Concurrency Managed Workqueue (cmwq) September, 2010 Tejun Heo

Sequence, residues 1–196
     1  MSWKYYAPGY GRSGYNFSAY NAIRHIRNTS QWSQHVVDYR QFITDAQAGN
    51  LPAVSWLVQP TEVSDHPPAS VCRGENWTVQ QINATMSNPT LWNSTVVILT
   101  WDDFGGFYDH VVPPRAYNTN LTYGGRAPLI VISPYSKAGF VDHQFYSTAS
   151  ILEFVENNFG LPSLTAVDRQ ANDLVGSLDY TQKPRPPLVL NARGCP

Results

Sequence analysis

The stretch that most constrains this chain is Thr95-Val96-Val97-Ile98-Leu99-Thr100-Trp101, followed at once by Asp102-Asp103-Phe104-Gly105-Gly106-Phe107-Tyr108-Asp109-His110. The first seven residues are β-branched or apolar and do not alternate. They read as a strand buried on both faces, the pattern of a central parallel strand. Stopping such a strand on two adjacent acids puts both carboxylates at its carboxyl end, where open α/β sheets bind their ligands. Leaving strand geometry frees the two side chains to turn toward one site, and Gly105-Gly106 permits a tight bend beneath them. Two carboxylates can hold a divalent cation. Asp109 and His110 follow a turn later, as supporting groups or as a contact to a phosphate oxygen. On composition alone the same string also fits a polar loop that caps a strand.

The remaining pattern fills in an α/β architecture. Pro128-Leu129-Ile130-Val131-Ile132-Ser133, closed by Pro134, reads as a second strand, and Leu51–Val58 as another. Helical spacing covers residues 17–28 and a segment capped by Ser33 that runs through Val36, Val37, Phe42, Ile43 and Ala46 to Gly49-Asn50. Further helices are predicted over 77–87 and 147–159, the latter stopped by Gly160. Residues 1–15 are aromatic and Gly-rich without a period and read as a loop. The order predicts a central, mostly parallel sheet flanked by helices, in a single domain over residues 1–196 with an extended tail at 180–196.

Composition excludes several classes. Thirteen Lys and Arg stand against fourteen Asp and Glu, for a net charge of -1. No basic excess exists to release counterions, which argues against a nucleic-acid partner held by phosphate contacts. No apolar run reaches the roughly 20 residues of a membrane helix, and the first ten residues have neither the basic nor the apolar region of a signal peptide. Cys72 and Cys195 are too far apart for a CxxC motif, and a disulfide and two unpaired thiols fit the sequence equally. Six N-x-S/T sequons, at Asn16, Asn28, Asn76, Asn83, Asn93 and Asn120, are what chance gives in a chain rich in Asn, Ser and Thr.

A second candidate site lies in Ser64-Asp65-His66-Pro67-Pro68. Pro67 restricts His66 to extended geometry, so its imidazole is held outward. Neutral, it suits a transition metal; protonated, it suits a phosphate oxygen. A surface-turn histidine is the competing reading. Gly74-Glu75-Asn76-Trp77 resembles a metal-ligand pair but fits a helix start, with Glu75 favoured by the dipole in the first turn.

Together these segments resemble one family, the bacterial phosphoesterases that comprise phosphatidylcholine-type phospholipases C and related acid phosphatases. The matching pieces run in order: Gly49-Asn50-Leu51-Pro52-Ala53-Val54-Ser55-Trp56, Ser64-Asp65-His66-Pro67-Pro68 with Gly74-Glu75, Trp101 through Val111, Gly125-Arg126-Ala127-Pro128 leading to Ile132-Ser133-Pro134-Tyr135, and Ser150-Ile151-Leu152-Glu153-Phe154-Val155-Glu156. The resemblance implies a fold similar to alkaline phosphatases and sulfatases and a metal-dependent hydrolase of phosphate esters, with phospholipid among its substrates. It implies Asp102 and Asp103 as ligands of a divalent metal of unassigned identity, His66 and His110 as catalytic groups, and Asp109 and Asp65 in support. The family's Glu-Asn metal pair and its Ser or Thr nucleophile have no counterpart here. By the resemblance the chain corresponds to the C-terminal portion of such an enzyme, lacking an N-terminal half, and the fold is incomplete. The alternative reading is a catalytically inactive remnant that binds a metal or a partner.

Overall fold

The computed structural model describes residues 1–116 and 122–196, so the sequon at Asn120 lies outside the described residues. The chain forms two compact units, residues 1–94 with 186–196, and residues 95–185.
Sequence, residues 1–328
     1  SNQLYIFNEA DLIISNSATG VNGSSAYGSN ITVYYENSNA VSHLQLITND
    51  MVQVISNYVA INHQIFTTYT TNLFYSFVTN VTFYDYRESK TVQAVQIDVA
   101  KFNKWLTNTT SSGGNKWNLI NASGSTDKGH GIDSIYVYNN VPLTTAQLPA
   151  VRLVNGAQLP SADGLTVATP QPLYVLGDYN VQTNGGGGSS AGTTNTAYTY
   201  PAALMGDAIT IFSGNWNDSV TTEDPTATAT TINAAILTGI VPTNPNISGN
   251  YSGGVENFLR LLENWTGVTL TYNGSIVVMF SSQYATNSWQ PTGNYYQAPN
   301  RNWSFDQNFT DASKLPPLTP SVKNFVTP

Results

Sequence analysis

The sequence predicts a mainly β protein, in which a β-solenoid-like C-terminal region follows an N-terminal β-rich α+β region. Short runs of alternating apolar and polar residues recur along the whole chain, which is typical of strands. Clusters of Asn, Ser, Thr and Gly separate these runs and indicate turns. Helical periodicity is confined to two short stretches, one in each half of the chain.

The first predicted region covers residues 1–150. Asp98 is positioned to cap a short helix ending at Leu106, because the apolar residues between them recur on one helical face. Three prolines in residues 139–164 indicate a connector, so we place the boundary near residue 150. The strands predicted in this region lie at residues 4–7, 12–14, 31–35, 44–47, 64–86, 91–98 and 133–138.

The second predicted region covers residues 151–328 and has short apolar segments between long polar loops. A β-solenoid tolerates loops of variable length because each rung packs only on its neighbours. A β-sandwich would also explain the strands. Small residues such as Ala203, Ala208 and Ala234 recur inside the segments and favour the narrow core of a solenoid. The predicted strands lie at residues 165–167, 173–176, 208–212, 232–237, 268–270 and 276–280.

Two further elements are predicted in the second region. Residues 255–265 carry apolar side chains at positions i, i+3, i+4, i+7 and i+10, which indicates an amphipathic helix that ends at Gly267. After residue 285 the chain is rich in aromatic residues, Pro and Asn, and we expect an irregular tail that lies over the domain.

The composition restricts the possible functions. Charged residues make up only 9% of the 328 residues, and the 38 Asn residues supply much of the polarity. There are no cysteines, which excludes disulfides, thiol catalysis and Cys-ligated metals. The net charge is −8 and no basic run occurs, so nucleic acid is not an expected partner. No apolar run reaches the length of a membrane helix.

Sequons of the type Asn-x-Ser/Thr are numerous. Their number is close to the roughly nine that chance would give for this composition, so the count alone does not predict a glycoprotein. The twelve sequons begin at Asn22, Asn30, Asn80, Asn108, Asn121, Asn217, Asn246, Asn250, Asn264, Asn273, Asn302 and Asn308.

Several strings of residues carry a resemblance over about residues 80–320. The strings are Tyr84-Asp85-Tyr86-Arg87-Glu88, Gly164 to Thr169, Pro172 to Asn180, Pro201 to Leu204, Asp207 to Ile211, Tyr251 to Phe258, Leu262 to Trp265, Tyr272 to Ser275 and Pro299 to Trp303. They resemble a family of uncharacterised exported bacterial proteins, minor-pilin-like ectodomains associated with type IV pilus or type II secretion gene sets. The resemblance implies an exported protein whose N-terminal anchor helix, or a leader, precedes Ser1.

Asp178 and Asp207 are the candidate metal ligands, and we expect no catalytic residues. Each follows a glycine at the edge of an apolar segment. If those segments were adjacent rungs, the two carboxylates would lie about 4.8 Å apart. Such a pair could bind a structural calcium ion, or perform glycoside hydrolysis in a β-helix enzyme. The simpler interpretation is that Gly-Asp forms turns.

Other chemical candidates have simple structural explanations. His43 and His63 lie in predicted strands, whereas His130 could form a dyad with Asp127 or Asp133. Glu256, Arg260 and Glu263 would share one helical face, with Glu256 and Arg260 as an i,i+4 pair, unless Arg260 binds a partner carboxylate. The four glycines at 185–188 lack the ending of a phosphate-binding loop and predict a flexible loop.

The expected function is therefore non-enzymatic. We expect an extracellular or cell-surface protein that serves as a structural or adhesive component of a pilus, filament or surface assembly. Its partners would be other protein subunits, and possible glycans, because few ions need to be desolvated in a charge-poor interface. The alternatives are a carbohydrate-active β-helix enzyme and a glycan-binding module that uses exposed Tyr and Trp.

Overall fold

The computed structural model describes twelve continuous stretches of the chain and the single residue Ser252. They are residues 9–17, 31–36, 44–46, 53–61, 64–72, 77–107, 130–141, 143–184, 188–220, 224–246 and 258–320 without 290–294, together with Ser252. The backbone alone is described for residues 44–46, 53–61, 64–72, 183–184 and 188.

Florian Mickler CONTENTS 1. Introduction 2. Why cmwq? 3. The Design 4. Application Programming Interface (API) 5. Example Execution Scenarios 6. Guidelines 7. Debugging 1. Introduction There are many cases where an asynchronous process execution context is needed and the workqueue (wq) API is the most commonly used mechanism for such cases. When such an asynchronous execution context is needed, a work item describing which function to execute is put on a queue. An independent thread serves as the asynchronous execution context. The queue is called workqueue and the thread is called worker. While there are work items on the workqueue the worker executes the functions associated with the work items one after the other. When there is no work item left on the workqueue the worker becomes idle. When a new work item gets queued, the worker begins executing again. 2. Why cmwq? In the original wq implementation, a multi threaded (MT) wq had one worker thread per CPU and a single threaded (ST) wq had one worker thread system-wide. A single MT wq needed to keep around the same number of workers as the number of CPUs. The kernel grew a lot of MT wq users over the years and with the number of CPU cores continuously rising, some systems saturated the default 32k PID space just booting up. Although MT wq wasted a lot of resource, the level of concurrency provided was unsatisfactory. The limitation was common to both ST and MT wq albeit less severe on MT. Each wq maintained its own separate worker pool. A MT wq could provide only one execution context per CPU while a ST wq one for the whole system. Work items had to compete for those very limited execution contexts leading to various problems including proneness to deadlocks around the single execution context. The tension between the provided level of concurrency and resource usage also forced its users to make unnecessary tradeoffs like libata choosing to use ST wq for polling PIOs and accepting an unnecessary limitation that no two polling PIOs can progress at the same time. As MT wq don't provide much better concurrency, users which require higher level of concurrency, like async or fscache, had to implement their own thread pool. Concurrency Managed Workqueue (cmwq) is a reimplementation of wq with focus on the following goals. * Maintain compatibility with the original workqueue API. * Use per-CPU unified worker pools shared by all wq to provide flexible level of concurrency on demand without wasting a lot of resource. * Automatically regulate worker pool and level of concurrency so that the API users don't need to worry about such details. 3. The Design In order to ease the asynchronous execution of functions a new abstraction, the work item, is introduced. A work item is a simple struct that holds a pointer to the function that is to be executed asynchronously. Whenever a driver or subsystem wants a function to be executed asynchronously it has to set up a work item pointing to that function and queue that work item on a workqueue. Special purpose threads, called worker threads, execute the functions off of the queue, one after the other. If no work is queued, the worker threads become idle. These worker threads are managed in so called thread-pools. The cmwq design differentiates between the user-facing workqueues that subsystems and drivers queue work items on and the backend mechanism which manages thread-pool and processes the queued work items. The backend is called gcwq. There is one gcwq for each possible CPU and one gcwq to serve work items queued on unbound workqueues. Subsystems and drivers can create and queue work items through special workqueue API functions as they see fit. They can influence some aspects of the way the work items are executed by setting flags on the workqueue they are putting the work item on. These flags include things like CPU locality, reentrancy, concurrency limits and more. To get a detailed overview refer to the API description of alloc_workqueue() below. When a work item is queued to a workqueue, the target gcwq is determined according to the queue parameters and workqueue attributes and appended on the shared worklist of the gcwq. For example, unless specifically overridden, a work item of a bound workqueue will be queued on the worklist of exactly that gcwq that is associated to the CPU the issuer is running on. For any worker pool implementation, managing the concurrency level (how many execution contexts are active) is an important issue. cmwq tries to keep the concurrency at a minimal but sufficient level. Minimal to save resources and sufficient in that the system is used at its full capacity. Each gcwq bound to an actual CPU implements concurrency management by hooking into the scheduler. The gcwq is notified whenever an active worker wakes up or sleeps and keeps track of the number of the currently runnable workers. Generally, work items are not expected to hog a CPU and consume many cycles. That means maintaining just enough concurrency to prevent work processing from stalling should be optimal. As long as there are one or more runnable workers on the CPU, the gcwq doesn't start execution of a new work, but, when the last running worker goes to sleep, it immediately schedules a new worker so that the CPU doesn't sit idle while there are pending work items. This allows using a minimal number of workers without losing execution bandwidth. Keeping idle workers around doesn't cost other than the memory space for kthreads, so cmwq holds onto idle ones for a while before killing them. For an unbound wq, the above concurrency management doesn't apply and the gcwq for the pseudo unbound CPU tries to start executing all work items as soon as possible. The responsibility of regulating concurrency level is on the users. There is also a flag to mark a bound wq to ignore the concurrency management. Please refer to the API section for details. Forward progress guarantee relies on that workers can be created when more execution contexts are necessary, which in turn is guaranteed through the use of rescue workers. All work items which might be used on code paths that handle memory reclaim are required to be queued on wq's that have a rescue-worker reserved for execution under memory pressure. Else it is possible that the thread-pool deadlocks waiting for execution contexts to free up. 4. Application Programming Interface (API) alloc_workqueue() allocates a wq. The original create_*workqueue() functions are deprecated and scheduled for removal. alloc_workqueue() takes three arguments - @name, @flags and @max_active. @name is the name of the wq and also used as the name of the rescuer thread if there is one. A wq no longer manages execution resources but serves as a domain for forward progress guarantee, flush and work item attributes. @flags and @max_active control how work items are assigned execution resources, scheduled and executed. @flags: WQ_NON_REENTRANT By default, a wq guarantees non-reentrance only on the same CPU. A work item may not be executed concurrently on the same CPU by multiple workers but is allowed to be executed concurrently on multiple CPUs. This flag makes sure non-reentrance is enforced across all CPUs. Work items queued to a non-reentrant wq are guaranteed to be executed by at most one worker system-wide at any given time. WQ_UNBOUND Work items queued to an unbound wq are served by a special gcwq which hosts workers which are not bound to any specific CPU. This makes the wq behave as a simple execution context provider without concurrency management. The unbound gcwq tries to start execution of work items as soon as possible. Unbound wq sacrifices locality but is useful for the following cases. * Wide fluctuation in the concurrency level requirement is expected and using bound wq may end up creating large number of mostly unused workers across different CPUs as the issuer hops through different CPUs. * Long running CPU intensive workloads which can be better managed by the system scheduler. WQ_FREEZABLE A freezable wq participates in the freeze phase of the system suspend operations. Work items on the wq are drained and no new work item starts execution until thawed. WQ_MEM_RECLAIM All wq which might be used in the memory reclaim paths _MUST_ have this flag set. The wq is guaranteed to have at least one execution context regardless of memory pressure. WQ_HIGHPRI Work items of a highpri wq are queued at the head of the worklist of the target gcwq and start execution regardless of the current concurrency level. In other words, highpri work items will always start execution as soon as execution resource is available. Ordering among highpri work items is preserved - a highpri work item queued after another highpri work item will start execution after the earlier highpri work item starts. Although highpri work items are not held back by other runnable work items, they still contribute to the concurrency level. Highpri work items in runnable state will prevent non-highpri work items from starting execution. This flag is meaningless for unbound wq. WQ_CPU_INTENSIVE Work items of a CPU intensive wq do not contribute to the concurrency level. In other words, runnable CPU intensive work items will not prevent other work items from starting execution. This is useful for bound work items which are expected to hog CPU cycles so that their execution is regulated by the system scheduler. Although CPU intensive work items don't contribute to the concurrency level, start of their executions is still regulated by the concurrency management and runnable non-CPU-intensive work items can delay execution of CPU intensive work items. This flag is meaningless for unbound wq. WQ_HIGHPRI | WQ_CPU_INTENSIVE This combination makes the wq avoid interaction with concurrency management completely and behave as a simple per-CPU execution context provider. Work items queued on a highpri CPU-intensive wq start execution as soon as resources are available and don't affect execution of other work items. @max_active: @max_active determines the maximum number of execution contexts per CPU which can be assigned to the work items of a wq. For example, with @max_active of 16, at most 16 work items of the wq can be executing at the same time per CPU. Currently, for a bound wq, the maximum limit for @max_active is 512 and the default value used when 0 is specified is 256. For an unbound wq, the limit is higher of 512 and 4 * num_possible_cpus(). These values are chosen sufficiently high such that they are not the limiting factor while providing protection in runaway cases. The number of active work items of a wq is usually regulated by the users of the wq, more specifically, by how many work items the users may queue at the same time. Unless there is a specific need for throttling the number of active work items, specifying '0' is recommended. Some users depend on the strict execution ordering of ST wq. The combination of @max_active of 1 and WQ_UNBOUND is used to achieve this behavior. Work items on such wq are always queued to the unbound gcwq and only one work item can be active at any given time thus achieving the same ordering property as ST wq. 5. Example Execution Scenarios The following example execution scenarios try to illustrate how cmwq behave under different configurations. Work items w0, w1, w2 are queued to a bound wq q0 on the same CPU. w0 burns CPU for 5ms then sleeps for 10ms then burns CPU for 5ms again before finishing. w1 and w2 burn CPU for 5ms then sleep for 10ms. Ignoring all other tasks, works and processing overhead, and assuming simple FIFO scheduling, the following is one highly simplified version of possible sequences of events with the original wq. TIME IN MSECS EVENT 0 w0 starts and burns CPU 5 w0 sleeps 15 w0 wakes up and burns CPU 20 w0 finishes 20 w1 starts and burns CPU 25 w1 sleeps 35 w1 wakes up and finishes 35 w2 starts and burns CPU 40 w2 sleeps 50 w2 wakes up and finishes And with cmwq with @max_active >= 3, TIME IN MSECS EVENT 0 w0 starts and burns CPU 5 w0 sleeps 5 w1 starts and burns CPU 10 w1 sleeps 10 w2 starts and burns CPU 15 w2 sleeps 15 w0 wakes up and burns CPU 20 w0 finishes 20 w1 wakes up and finishes 25 w2 wakes up and finishes If @max_active == 2, TIME IN MSECS EVENT 0 w0 starts and burns CPU 5 w0 sleeps 5 w1 starts and burns CPU 10 w1 sleeps 15 w0 wakes up and burns CPU 20 w0 finishes 20 w1 wakes up and finishes 20 w2 starts and burns CPU 25 w2 sleeps 35 w2 wakes up and finishes Now, let's assume w1 and w2 are queued to a different wq q1 which has WQ_HIGHPRI set, TIME IN MSECS EVENT 0 w1 and w2 start and burn CPU 5 w1 sleeps 10 w2 sleeps 10 w0 starts and burns CPU 15 w0 sleeps 15 w1 wakes up and finishes 20 w2 wakes up and finishes 25 w0 wakes up and burns CPU 30 w0 finishes If q1 has WQ_CPU_INTENSIVE set, TIME IN MSECS EVENT 0 w0 starts and burns CPU 5 w0 sleeps 5 w1 and w2 start and burn CPU 10 w1 sleeps 15 w2 sleeps 15 w0 wakes up and burns CPU 20 w0 finishes 20 w1 wakes up and finishes 25 w2 wakes up and finishes 6. Guidelines * Do not forget to use WQ_MEM_RECLAIM if a wq may process work items which are used during memory reclaim. Each wq with WQ_MEM_RECLAIM set has an execution context reserved for it. If there is dependency among multiple work items used during memory reclaim, they should be queued to separate wq each with WQ_MEM_RECLAIM. * Unless strict ordering is required, there is no need to use ST wq. * Unless there is a specific need, using 0 for @max_active is recommended. In most use cases, concurrency level usually stays well under the default limit. * A wq serves as a domain for forward progress guarantee (WQ_MEM_RECLAIM, flush and work item attributes. Work items which are not involved in memory reclaim and don't need to be flushed as a part of a group of work items, and don't require any special attribute, can use one of the system wq. There is no difference in execution characteristics between using a dedicated wq and a system wq. * Unless work items are expected to consume a huge amount of CPU cycles, using a bound wq is usually beneficial due to the increased level of locality in wq operations and work item execution. 7. Debugging Because the work functions are executed by generic worker threads there are a few tricks needed to shed some light on misbehaving workqueue users. Worker threads show up in the process list as: root 5671 0.0 0.0 0 0 ? S 12:07 0:00 [kworker/0:1] root 5672 0.0 0.0 0 0 ? S 12:07 0:00 [kworker/1:2] root 5673 0.0 0.0 0 0 ? S 12:12 0:00 [kworker/0:0] root 5674 0.0 0.0 0 0 ? S 12:13 0:00 [kworker/1:0] If kworkers are going crazy (using too much cpu), there are two types of possible problems: 1. Something beeing scheduled in rapid succession 2. A single work item that consumes lots of cpu cycles The first one can be tracked using tracing: $ echo workqueue:workqueue_queue_work > /sys/kernel/debug/tracing/set_event $ cat /sys/kernel/debug/tracing/trace_pipe > out.txt (wait a few secs) ^C If something is busy looping on work queueing, it would be dominating the output and the offender can be determined with the work item function. For the second type of problems it should be possible to just check the stack trace of the offending worker thread. $ cat /proc/THE_OFFENDING_KWORKER/stack The work item's function should be trivially visible in the stack trace.